I sought refuge in The Dear Green Bothy Pop-Up, “this housing of critical ideas” to make my first foray into speaking out loud about how we are becoming a bit rubbish. That is, we are becoming what it is we are trying to throw ‘away’ (our waste) and in particular, the plastic proliferation we can’t see, nano-plastics. I glimpsed vastly different worlds within an hour, became curious about many eco-conscious divergent quests that were being delved into….
I glimpsed a hydrologist who let me hear water, presenting a visual collage of verbal elements which made me question permissions of flow, and made me think of how flash-flooding often overwhelms policy aspirations, just as I came home in Edinburgh a few days ago with wet socks and hail in my bike basket. She made me think of bubbles and non-boundaries, the memory of water, how the human inner voice didn’t objectify water, the environment within/without.
I was taken to the very grown-up world of speaking-for rather than with, and my inner child welcomed the provocation to re-consider how we are currently educating children to continue our present. It made me think of Tim Ingold’s work on the different timescales stratifying generations, and how children must be their own future, not ours, with the radical change of perspective this shift requires.
I saw a sea change in Gaelic that reminded me of what memory the land holds and how a sea could be, once, a forest with nuts; how stories told by tongue and poetry survive in bodies, rocks and continents. I wanted to speak with rivers, and microbes, and tardigrades and children.
I saw tiny feet in wellies the size of my daughter’s – saw deep time splashed in a puddle – a voice guided me to see photons and the life of light through another’s eyes, through another’s interrogation of time and exposure.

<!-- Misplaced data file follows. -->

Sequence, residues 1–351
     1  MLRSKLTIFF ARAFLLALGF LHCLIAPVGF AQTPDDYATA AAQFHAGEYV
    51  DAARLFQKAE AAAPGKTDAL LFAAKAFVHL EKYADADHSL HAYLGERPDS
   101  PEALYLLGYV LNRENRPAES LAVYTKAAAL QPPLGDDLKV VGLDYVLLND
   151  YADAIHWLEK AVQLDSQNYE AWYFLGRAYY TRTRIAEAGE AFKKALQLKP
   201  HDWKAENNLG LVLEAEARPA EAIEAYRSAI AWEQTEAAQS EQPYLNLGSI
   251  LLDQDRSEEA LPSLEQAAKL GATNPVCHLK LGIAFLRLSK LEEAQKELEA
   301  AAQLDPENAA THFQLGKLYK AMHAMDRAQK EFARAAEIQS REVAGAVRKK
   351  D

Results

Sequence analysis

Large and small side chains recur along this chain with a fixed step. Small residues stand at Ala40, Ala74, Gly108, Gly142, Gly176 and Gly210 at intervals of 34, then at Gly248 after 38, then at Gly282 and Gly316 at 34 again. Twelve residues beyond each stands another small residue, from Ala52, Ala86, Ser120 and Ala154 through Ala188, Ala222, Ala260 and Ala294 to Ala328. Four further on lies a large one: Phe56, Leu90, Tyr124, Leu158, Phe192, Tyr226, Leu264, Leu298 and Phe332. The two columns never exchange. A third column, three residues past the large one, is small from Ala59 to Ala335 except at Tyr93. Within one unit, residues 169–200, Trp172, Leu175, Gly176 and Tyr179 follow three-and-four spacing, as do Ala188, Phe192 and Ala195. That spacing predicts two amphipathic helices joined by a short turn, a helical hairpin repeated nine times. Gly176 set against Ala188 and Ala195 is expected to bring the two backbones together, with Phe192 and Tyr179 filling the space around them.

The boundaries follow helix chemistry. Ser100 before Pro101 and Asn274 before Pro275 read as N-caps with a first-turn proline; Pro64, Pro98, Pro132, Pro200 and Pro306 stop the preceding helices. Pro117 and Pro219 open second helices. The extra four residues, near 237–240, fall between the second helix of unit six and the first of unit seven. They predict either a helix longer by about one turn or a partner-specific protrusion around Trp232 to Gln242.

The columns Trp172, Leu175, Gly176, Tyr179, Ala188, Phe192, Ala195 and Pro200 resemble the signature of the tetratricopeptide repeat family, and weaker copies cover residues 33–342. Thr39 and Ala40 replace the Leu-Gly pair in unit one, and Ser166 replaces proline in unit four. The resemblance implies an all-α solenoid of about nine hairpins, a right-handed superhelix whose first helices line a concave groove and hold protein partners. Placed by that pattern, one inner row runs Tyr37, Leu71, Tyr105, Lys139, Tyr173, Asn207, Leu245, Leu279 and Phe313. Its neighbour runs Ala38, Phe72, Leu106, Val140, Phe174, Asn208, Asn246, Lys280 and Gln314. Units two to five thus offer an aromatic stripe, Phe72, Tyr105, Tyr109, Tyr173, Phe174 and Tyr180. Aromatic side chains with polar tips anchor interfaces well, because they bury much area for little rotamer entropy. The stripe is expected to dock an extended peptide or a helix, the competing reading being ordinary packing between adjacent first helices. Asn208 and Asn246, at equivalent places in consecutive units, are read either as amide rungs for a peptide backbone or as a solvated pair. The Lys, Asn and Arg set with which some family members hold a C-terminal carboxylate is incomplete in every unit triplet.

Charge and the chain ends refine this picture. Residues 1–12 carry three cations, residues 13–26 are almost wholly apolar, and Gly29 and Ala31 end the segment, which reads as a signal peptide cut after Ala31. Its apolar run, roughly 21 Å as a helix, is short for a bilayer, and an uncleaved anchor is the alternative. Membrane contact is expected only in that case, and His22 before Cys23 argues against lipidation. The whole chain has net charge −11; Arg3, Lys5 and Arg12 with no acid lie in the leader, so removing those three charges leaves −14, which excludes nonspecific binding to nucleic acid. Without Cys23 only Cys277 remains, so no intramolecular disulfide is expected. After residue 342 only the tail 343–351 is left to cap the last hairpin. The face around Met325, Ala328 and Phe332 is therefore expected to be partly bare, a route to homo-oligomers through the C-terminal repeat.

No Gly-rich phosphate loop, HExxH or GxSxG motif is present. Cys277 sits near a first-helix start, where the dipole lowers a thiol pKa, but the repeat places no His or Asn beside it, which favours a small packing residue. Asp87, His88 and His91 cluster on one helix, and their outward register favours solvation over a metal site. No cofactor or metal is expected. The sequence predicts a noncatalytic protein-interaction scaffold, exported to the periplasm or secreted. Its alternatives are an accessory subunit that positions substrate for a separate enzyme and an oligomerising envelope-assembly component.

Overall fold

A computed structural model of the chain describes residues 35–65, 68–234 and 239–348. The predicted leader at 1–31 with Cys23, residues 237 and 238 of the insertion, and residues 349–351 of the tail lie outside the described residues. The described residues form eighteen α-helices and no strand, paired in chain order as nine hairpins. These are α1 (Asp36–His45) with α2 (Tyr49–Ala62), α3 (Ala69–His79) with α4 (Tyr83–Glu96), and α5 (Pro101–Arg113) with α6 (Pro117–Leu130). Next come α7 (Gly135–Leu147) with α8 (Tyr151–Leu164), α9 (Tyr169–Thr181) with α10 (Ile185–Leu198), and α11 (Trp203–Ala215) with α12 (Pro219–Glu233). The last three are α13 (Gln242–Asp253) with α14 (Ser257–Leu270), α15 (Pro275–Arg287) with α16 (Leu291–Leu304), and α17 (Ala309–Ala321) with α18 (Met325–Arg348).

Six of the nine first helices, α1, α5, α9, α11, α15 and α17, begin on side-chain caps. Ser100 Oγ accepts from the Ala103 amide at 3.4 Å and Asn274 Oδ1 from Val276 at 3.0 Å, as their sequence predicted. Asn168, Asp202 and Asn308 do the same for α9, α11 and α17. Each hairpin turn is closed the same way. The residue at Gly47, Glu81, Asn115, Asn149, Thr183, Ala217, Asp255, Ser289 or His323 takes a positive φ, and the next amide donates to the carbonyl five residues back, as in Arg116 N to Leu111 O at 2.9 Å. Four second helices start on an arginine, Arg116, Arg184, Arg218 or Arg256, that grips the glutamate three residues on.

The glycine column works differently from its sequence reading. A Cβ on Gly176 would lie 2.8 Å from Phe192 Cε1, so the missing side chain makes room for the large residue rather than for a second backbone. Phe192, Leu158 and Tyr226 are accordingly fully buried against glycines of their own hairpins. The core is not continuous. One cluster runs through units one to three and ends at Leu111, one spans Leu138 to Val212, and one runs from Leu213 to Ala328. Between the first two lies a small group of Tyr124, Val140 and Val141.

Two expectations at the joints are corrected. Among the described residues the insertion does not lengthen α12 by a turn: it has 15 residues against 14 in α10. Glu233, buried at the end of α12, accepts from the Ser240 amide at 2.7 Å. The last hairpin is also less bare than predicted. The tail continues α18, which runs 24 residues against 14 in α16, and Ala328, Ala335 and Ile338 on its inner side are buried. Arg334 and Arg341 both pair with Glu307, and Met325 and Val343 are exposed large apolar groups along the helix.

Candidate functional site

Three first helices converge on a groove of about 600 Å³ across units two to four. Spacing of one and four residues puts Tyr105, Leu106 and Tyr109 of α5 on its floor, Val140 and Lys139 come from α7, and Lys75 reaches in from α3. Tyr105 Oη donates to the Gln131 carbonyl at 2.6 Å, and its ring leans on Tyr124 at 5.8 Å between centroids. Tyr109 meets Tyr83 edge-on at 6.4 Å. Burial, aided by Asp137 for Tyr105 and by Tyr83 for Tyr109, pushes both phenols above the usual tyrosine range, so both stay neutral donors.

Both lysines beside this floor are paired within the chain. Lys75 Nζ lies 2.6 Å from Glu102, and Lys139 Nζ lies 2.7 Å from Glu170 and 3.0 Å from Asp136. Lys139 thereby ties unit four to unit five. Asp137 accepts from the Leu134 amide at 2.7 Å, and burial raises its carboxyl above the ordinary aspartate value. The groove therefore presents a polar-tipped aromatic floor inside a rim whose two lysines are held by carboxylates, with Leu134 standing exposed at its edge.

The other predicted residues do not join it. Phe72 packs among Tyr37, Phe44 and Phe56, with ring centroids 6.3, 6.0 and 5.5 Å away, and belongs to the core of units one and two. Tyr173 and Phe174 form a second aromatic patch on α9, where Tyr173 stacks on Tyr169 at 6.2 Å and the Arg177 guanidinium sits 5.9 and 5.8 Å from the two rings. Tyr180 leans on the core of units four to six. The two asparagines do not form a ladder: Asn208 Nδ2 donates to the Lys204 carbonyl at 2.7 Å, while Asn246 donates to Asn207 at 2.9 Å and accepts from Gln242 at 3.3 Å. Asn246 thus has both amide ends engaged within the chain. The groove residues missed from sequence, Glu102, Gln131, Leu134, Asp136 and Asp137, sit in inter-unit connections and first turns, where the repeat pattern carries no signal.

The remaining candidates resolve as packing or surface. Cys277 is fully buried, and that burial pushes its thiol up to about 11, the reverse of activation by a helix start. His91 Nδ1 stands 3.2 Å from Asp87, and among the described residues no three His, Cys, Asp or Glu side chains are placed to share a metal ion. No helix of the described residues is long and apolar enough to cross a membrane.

I was gifted a spoken scroll, a poem, “petro-chemical imaginaries” from a poet who jolted me with contradictions and vivid imagery, the starting words “on becoming a body” sunk into mine. I was reminded of what I love about poetry, it takes me somewhere essential without my knowing how I got there.
And then it was all over. A five-minute think-piece puzzle, a mosaic of intrigue. One of the questions that popped up in the ‘chat’ was “how can the narrative of anthropocentrism be changed through creativity?”. I don’t have ‘the’ answer; I don’t believe much in answers, (or rather, causality and consensus), but I do feel the Bothy was a sample of how curiosity functions as a kind of currency in a world where currency hasn’t helped us much to become rich, in the sense that soil can be rich – rich when healthy. A healthy convergence of diverse ideas in a small space of time was the Green Bothy.
Skye Loneragan is a playwright/performance poet and PhD researcher at Glasgow Caledonian University.